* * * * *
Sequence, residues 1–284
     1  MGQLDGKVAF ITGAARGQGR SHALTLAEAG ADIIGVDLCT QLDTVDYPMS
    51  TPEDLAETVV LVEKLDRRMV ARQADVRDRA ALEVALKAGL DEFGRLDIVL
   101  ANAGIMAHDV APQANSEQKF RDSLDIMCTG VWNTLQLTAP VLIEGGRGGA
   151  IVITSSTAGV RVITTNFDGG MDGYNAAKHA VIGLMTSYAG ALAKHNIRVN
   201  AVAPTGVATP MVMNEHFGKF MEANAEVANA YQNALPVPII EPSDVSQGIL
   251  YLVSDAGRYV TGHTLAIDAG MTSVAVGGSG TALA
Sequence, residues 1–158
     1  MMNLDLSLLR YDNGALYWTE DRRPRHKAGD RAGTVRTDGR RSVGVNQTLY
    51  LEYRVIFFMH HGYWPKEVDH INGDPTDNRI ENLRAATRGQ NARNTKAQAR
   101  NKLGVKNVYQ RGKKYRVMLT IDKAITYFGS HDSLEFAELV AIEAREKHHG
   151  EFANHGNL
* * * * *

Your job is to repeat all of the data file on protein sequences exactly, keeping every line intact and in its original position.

Sequence, residues 1–284
     1  MGQLDGKVAF ITGAARGQGR SHALTLAEAG ADIIGVDLCT QLDTVDYPMS
    51  TPEDLAETVV LVEKLDRRMV ARQADVRDRA ALEVALKAGL DEFGRLDIVL
   101  ANAGIMAHDV APQANSEQKF RDSLDIMCTG VWNTLQLTAP VLIEGGRGGA
   151  IVITSSTAGV RVITTNFDGG MDGYNAAKHA VIGLMTSYAG ALAKHNIRVN
   201  AVAPTGVATP MVMNEHFGKF MEANAEVANA YQNALPVPII EPSDVSQGIL
   251  YLVSDAGRYV TGHTLAIDAG MTSVAVGGSG TALA
Sequence, residues 1–158
     1  MMNLDLSLLR YDNGALYWTE DRRPRHKAGD RAGTVRTDGR RSVGVNQTLY
    51  LEYRVIFFMH HGYWPKEVDH INGDPTDNRI ENLRAATRGQ NARNTKAQAR
   101  NKLGVKNVYQ RGKKYRVMLT IDKAITYFGS HDSLEFAELV AIEAREKHHG
   151  EFANHGNL